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- Chapter 95: Medicine
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Disease is but deficiency or excess of three life forces,
defined by writers of scientific texts as air, fire and water.
The body requires no medicine if you eat
only after the food you have already eaten is digested.
Once digestion is complete, eat with moderation;
that is the way to prolong the life of the body.
Assured the last meal has digested and sensing a keen appetite,
savor only foods that are fully agreeable.
Life remains unharmed when one eats with restraint,
refraining from foods that have proven disagreeable.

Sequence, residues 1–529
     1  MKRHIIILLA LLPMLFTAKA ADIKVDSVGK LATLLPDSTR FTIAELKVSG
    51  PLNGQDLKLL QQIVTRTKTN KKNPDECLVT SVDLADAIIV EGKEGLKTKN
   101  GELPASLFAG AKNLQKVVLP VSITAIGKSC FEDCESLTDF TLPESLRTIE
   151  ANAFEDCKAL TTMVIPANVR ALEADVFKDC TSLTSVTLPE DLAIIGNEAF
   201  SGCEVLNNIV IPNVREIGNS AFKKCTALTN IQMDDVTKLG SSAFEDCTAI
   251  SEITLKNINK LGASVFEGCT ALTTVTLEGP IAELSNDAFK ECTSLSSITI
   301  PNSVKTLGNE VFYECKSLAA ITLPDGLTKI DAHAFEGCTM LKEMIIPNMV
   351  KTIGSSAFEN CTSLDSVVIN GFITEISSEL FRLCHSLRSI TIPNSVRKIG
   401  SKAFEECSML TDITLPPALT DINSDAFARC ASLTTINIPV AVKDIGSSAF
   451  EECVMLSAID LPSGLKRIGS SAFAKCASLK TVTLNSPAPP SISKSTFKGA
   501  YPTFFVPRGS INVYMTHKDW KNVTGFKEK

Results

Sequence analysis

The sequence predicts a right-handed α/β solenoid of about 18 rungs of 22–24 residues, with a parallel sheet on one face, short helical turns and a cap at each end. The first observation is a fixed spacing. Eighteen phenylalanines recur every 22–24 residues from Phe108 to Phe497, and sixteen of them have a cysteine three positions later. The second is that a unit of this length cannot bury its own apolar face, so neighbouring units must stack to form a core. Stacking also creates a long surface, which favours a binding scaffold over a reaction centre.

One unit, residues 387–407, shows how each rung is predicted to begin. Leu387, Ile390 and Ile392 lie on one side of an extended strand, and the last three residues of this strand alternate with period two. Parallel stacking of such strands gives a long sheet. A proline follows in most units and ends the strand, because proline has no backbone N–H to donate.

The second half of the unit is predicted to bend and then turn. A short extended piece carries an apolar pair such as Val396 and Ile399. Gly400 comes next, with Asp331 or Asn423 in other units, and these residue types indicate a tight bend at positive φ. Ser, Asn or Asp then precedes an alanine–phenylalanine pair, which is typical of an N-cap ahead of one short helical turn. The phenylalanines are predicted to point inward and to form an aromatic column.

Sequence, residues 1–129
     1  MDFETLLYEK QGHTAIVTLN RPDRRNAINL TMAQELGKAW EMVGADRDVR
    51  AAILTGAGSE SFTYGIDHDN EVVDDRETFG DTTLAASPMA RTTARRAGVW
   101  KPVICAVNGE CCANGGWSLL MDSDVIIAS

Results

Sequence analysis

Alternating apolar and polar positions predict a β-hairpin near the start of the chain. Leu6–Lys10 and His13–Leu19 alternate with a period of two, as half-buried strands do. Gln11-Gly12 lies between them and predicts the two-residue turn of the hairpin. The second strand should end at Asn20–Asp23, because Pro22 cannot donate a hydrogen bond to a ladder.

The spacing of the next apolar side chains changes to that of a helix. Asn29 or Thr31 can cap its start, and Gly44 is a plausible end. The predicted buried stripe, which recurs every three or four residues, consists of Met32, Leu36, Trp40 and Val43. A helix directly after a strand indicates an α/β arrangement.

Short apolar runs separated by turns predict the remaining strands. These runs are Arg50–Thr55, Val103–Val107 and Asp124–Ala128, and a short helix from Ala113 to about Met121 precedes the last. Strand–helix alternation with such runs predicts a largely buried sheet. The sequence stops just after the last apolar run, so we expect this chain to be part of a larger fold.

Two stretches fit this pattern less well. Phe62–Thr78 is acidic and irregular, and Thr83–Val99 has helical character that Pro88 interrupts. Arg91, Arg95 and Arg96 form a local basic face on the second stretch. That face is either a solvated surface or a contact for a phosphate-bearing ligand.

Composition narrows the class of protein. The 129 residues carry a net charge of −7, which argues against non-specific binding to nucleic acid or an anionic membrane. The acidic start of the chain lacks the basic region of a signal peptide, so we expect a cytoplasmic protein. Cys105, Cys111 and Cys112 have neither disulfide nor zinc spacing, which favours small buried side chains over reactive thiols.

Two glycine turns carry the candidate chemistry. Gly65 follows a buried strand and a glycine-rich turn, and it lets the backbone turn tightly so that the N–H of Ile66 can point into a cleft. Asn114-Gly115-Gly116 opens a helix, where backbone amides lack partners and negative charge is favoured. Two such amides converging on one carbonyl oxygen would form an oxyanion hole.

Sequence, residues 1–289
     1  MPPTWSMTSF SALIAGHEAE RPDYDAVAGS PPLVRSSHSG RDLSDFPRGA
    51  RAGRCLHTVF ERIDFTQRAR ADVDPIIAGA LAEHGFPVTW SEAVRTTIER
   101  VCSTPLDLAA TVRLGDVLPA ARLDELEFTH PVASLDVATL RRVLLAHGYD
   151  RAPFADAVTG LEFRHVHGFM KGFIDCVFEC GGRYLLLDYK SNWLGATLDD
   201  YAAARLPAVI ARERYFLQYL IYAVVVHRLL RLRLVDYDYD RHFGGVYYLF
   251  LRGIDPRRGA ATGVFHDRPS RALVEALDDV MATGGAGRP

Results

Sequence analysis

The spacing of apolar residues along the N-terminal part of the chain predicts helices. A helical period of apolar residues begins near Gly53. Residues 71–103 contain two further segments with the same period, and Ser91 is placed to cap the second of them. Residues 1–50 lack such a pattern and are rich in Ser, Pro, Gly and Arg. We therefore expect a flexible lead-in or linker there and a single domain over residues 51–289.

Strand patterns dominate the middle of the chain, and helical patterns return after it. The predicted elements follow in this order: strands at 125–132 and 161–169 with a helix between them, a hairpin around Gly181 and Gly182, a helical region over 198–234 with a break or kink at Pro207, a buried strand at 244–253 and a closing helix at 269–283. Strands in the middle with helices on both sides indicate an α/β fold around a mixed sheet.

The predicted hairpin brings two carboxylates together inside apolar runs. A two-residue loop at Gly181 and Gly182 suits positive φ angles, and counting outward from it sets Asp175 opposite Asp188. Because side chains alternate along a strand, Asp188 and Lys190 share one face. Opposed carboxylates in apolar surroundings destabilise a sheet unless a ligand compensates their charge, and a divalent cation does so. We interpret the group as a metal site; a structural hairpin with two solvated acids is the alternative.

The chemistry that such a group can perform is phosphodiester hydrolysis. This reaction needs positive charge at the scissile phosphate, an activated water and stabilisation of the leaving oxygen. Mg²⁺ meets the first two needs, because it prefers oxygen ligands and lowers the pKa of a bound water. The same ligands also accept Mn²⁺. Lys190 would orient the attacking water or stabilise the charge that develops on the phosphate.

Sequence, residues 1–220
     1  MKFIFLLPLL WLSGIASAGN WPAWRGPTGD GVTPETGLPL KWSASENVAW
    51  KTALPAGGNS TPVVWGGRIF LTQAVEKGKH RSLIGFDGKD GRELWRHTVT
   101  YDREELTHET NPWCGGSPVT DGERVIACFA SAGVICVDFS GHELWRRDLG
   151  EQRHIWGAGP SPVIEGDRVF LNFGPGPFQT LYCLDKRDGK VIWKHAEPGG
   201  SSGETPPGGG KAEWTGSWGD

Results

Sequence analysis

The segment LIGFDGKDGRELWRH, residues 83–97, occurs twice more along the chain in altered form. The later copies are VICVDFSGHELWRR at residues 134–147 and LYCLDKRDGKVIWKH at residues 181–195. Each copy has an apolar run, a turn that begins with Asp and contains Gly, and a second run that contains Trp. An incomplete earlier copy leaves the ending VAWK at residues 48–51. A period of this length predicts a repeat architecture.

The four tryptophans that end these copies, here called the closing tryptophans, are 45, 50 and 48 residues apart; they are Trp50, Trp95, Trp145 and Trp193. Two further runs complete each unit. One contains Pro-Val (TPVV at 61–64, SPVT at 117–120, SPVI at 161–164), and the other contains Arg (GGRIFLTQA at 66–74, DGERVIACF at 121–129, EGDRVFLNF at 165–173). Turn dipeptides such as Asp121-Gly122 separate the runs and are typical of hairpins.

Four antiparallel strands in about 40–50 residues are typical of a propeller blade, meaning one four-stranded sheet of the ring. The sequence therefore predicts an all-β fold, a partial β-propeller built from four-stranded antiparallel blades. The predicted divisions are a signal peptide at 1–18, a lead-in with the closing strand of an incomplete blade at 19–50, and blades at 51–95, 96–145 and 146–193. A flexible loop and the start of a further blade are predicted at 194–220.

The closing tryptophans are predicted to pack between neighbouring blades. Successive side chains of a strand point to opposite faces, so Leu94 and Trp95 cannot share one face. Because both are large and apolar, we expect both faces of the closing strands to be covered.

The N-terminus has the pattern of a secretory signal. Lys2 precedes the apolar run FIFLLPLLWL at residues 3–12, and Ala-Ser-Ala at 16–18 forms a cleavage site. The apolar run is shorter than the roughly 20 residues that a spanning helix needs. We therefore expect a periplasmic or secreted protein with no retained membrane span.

The pleasures of health abide in the man who eats moderately.
The pains of disease dwell with him who eats excessively.
The thoughtless glutton who gorges himself beyond the limits
of his digestive fires will be consumed by limitless ills.
Diagnose the illness, trace its cause,
seek the appropriate remedy and apply it skillfully.
An accomplished doctor prescribes a remedy after considering
the patient's nature, the disease's nature and the time of year.
Medicine consists of a patient, a physician, a prescription
and a nurse--each of these having four parts.